Remarks by National Security Advisor Susan E. Rice Keynote Address at the Center for a New American Security Annual Conference

June 11, 2014

The following is an excerpt from remarks as delivered by National Security Advisor Susan E. Rice. For full remarks, visit the White House website.  

As we approach 2015, we’re pressing our partners to deliver on the Millennium Development Goals and to devise bold new goals that will guide the next phase of the fight against poverty. Building on the extraordinary progress in many developing countries, our approach isn’t simply about pledging more money, it’s about bringing together resources and expertise from every sector to do more with what we have and to support models of economic growth that fuel new markets. We’re building public-private partnerships, investing in academic breakthroughs, supporting non-profits that translate ideas into action, and creating stronger connections among them all.   

Take, for example, the progress we’ve made in agricultural development. Back in 2009, at the G8 meeting in L’Aquila, President Obama made food security a global priority backed by billions of dollars in international commitments.  In 2012, the President launched the New Alliance for Food Security and Nutrition, which has now grown to ten African countries, more than 160 companies, and delivered more than $7 billion in responsible planned investments in African agriculture.  And through our Feed the Future partnerships, millions of smallholder farmers are planting better seeds, using better fertilizers, and seeing their incomes rise. 

Which leads me to the third key reason we mobilize collective action. For, however much we might like to, we rarely can force nations to respect the rights of their citizens.  So we must catalyze the international community to uphold universal values, build broad coalitions to advance human rights, and impose costs on those who violate them.  

Human rights must be protected for everyone, especially traditionally marginalized communities such as ethnic or religious minorities, LGBT persons, migrant workers, and people with disabilities. That’s why President Obama decided to join the UN Human Rights Council, so we could lead in reforming that flawed institution from within. In fact, we have made it more effective.  Because of our efforts, the Council has spent far more time spotlighting abuses in Qadhafi’s Libya, Syria, Sudan, North Korea and Iran than demonizing Israel. 

At the same time, the Open Government Partnership initiated by President Obama in 2011, has grown from eight countries to 64, all working together to strengthen accountable and transparent governance. Our Equal Futures Partnership unites two dozen countries in a commitment to take concrete steps to empower women in their societies both economically and politically. And, as civil society comes under attack in more and more places, we’re bringing countries and peoples together to counter restrictions and strengthen protections for civil society.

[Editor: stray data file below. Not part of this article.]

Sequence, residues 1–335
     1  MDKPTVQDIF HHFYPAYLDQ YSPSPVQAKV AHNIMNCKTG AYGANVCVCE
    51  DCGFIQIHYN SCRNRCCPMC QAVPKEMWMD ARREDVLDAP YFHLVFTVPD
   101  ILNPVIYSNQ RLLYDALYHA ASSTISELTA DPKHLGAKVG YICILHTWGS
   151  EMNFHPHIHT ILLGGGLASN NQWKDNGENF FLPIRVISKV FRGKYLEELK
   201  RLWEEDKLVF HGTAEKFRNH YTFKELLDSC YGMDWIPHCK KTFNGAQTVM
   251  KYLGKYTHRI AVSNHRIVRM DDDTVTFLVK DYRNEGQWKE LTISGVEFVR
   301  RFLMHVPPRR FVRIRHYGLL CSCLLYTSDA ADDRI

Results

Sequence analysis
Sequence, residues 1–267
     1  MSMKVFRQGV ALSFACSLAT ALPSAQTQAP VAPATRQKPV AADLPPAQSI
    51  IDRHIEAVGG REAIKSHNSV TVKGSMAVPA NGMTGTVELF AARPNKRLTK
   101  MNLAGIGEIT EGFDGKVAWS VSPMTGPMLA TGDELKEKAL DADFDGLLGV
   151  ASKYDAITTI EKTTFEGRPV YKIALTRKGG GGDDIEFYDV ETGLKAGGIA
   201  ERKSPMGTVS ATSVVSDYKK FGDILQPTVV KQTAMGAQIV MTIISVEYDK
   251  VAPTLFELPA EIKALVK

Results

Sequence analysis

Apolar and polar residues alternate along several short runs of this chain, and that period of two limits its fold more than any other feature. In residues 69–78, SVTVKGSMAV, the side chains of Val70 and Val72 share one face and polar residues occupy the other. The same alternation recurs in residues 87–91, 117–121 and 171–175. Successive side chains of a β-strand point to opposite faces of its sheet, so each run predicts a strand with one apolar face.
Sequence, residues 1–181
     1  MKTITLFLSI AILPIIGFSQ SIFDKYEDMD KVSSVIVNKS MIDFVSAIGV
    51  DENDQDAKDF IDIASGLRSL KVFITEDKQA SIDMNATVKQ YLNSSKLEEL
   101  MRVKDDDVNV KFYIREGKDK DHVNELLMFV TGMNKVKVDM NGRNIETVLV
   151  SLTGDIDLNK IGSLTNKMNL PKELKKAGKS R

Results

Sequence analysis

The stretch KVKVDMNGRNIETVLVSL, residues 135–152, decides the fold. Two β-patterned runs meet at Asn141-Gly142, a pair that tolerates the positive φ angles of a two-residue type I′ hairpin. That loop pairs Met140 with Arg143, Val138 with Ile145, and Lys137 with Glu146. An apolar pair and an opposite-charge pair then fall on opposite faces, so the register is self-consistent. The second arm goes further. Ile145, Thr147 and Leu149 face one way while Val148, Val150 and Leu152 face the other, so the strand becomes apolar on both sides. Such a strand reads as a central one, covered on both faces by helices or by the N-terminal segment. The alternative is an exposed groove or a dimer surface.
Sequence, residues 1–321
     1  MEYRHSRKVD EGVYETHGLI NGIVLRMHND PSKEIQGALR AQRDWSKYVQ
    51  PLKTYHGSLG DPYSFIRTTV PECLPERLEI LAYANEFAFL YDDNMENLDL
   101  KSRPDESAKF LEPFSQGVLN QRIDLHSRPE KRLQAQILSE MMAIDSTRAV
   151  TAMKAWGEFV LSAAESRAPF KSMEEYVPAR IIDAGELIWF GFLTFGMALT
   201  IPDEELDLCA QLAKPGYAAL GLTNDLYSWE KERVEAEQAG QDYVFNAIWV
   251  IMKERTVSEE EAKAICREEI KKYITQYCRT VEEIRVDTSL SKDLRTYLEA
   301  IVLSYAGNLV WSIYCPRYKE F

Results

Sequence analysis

Moreover, we’ve focused the global community on elevating that most basic aspect of human dignity—the health and well-being of the most vulnerable people. We’re partnering with nations that invest in their health systems. We’re working with NGOs to improve child and maternal health, end preventable diseases, and make progress towards a goal that was inconceivable just a decade ago—the world’s first AIDS-free generation. 

Across all these vital and far-reaching challenges, we continue to bring the resources of the United States and the reach of our partnerships to bear to forge a safer and more prosperous world. Our goals are bold and won’t be realized overnight, but the essence of U.S. leadership, as always, remains our ambition, our determination, and our dauntless vision of the possible – the pursuit of a world free of nuclear weapons; a world where extreme poverty is no more; where people are free to choose their own leaders; and where no child’s potential is cut short by a circumstance of her birth. 

We’ve earned our unparalleled position in the world through decades of responsible leadership. We affirm our exceptionalism by working tirelessly to strengthen the international system we helped build. We affirm it daily with our painstaking efforts to marshal international support and rally nations behind our leadership. We affirm it by taking strong action when we see rules and norms broken by those who try to game the system for their own gain. As President Obama told those graduating cadets at West Point, “What makes us exceptional is not our ability to flout international norms and the rule of law; it’s our willingness to affirm them through our actions.” 

As we leave an era of American foreign policy dominated by war, we are in a much stronger position to shape a more just and secure peace. In doing so, we will be vigilant against threats to our security, but we also recognize that we are stronger still when we mobilize the world on behalf of our common security and common humanity. That is the proud tradition of American foreign policy, and that is what’s required to shape a new chapter of American leadership.